Rania, who had fainted earlier and trembled as she spoke, said rumor was enough for her to come to the polling station from Bchamoun.

“Of course, I’m voting for Bashar,” she said. “Not because I love him, but to protect ourselves, my children and husband, because I am scared that they might be arrested or beaten [if I don’t].”

Ali showed The Daily Star his ballot form with a check under Assad’s name. On the back he jotted down the names of his family members, “Just in case.” When questioned why he was voting for the incumbent, “Ask someone else,” was his only reply.

Some vocal opposition supporters opted out of the election, including Mohammad Khodr in the northern border region of Wadi Khaled. “Of course I won’t vote,” he said over the phone. “I don’t see any reason to.” Yahya Faris, in a tented community in Bar Elias, concurred: “Elections are meant to reflect democracy, what kind of a democracy is Syria today?” he asked.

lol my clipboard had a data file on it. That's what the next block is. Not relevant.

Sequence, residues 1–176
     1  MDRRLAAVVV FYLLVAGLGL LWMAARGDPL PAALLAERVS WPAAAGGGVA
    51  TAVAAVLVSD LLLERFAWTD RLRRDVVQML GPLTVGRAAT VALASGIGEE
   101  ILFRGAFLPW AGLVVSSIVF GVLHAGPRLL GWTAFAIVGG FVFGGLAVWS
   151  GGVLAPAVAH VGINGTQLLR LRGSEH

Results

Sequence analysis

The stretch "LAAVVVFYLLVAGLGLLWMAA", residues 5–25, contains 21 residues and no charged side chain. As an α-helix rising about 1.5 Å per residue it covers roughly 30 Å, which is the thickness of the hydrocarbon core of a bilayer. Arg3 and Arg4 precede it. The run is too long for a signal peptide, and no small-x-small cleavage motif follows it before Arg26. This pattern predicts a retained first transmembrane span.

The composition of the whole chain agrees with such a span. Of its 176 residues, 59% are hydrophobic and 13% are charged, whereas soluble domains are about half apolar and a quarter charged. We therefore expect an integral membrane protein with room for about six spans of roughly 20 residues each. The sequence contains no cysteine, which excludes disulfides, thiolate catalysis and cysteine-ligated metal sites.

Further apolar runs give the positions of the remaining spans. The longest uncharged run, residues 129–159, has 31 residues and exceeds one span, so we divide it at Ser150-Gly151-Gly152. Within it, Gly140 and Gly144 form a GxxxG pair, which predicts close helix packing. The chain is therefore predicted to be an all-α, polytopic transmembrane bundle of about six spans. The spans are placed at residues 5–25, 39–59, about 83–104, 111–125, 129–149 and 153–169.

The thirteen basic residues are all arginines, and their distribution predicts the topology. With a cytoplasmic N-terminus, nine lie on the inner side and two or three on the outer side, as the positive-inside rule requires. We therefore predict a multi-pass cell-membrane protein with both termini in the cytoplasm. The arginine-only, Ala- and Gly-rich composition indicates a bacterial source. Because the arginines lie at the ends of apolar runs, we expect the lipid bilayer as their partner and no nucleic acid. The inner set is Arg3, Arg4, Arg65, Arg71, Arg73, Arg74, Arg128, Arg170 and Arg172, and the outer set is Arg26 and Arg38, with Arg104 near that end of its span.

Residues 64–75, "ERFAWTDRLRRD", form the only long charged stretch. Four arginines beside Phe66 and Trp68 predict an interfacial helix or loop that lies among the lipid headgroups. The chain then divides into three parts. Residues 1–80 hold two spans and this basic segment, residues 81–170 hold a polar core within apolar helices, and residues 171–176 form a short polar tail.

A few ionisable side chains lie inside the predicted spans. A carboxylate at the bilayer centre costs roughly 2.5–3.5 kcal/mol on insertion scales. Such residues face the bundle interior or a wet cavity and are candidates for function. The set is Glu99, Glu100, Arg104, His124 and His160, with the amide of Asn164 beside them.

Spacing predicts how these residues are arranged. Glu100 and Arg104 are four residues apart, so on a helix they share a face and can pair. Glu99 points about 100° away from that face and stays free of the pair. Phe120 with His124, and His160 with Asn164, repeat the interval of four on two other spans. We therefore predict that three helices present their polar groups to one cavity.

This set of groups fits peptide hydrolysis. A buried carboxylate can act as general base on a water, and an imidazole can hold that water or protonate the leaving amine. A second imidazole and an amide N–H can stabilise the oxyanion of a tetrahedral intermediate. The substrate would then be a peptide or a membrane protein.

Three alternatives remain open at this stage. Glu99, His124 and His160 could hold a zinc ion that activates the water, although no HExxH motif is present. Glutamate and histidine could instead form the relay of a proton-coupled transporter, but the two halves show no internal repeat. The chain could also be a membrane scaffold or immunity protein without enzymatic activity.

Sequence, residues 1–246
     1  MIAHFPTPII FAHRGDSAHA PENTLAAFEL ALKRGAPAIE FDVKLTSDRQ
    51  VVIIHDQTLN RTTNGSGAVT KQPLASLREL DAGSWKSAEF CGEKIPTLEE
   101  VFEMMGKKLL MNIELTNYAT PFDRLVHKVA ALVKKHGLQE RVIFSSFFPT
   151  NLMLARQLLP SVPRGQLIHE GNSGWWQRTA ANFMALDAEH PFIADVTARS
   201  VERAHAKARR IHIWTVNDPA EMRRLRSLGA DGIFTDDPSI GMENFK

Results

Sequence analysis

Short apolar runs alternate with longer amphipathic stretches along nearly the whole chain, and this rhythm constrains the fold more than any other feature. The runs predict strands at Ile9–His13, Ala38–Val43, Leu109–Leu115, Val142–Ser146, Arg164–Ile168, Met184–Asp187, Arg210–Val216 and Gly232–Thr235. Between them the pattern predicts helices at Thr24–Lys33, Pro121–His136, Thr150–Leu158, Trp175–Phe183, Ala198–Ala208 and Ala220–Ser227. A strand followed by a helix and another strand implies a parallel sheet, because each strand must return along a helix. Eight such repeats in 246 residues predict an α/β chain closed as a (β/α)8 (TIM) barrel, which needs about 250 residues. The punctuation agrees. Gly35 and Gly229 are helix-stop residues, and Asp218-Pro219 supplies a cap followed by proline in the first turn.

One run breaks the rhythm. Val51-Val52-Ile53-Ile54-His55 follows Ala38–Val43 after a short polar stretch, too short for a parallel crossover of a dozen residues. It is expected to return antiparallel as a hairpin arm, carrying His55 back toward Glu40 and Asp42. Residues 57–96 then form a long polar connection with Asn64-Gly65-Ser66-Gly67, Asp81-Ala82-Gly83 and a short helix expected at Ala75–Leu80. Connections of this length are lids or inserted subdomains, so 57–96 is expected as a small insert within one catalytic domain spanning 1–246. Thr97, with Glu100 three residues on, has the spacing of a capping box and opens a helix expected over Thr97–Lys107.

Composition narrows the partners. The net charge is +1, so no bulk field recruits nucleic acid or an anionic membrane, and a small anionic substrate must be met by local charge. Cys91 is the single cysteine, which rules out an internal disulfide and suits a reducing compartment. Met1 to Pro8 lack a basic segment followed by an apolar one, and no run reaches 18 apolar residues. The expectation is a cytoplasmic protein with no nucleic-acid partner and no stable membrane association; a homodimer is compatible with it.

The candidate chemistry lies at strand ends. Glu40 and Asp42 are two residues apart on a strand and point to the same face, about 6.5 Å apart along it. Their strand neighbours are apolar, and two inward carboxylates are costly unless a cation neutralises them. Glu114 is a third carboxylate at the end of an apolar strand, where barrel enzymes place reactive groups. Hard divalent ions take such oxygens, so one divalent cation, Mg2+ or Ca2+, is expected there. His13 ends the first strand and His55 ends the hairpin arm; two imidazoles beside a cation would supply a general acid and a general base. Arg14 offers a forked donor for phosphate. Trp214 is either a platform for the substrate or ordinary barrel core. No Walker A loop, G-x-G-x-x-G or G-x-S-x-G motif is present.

Syrian dissident Michel Kilo, a member of the National Syrian Coalition, said the polls were illegitimate due to the ongoing war, adding that he received information Hezbollah was threatening Syrians and forcing them to vote.

“The Syrians never voted in such intensity before, there are Syrians [who have been] living in Lebanon for a long time and they fear going to Syria without voting so that the regime would not reprimand them,” he said.

Syrians who arrived via illegal crossings were not permitted to vote, as those without entry permits are technically considered members of their original constituency. Rumors that Syrians who arrived from unofficial crossings in Arsal would be bussed back in order to vote were dismissed by local aid worker Mohammad Ezzidine, citing overwhelming opposition support in the area.

Despite the high turnout in Lebanon, which is hosting 1.5 million refugees, Syrians showed less enthusiasm for the vote in Jordan, where dozens gathered outside the embassy in Amman to protest. Nevertheless long queues of Syrian voters were reported in Iraq, Iran and elsewhere, with France and Germany outright banning the polls. – Additional reporting by Mohammed Zaatari

 
A version of this article appeared in the print edition of The Daily Star on May 29, 2014, on page 1.